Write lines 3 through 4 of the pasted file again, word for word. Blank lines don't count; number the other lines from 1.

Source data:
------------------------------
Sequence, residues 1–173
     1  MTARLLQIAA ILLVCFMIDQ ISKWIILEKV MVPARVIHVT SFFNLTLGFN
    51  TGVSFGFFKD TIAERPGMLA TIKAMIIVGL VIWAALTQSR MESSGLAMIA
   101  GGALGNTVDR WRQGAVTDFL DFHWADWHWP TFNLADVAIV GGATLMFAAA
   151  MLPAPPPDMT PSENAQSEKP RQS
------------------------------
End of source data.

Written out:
    51  TGVSFGFFKD TIAERPGMLA TIKAMIIVGL VIWAALTQSR MESSGLAMIA
   101  GGALGNTVDR WRQGAVTDFL DFHWADWHWP TFNLADVAIV GGATLMFAAA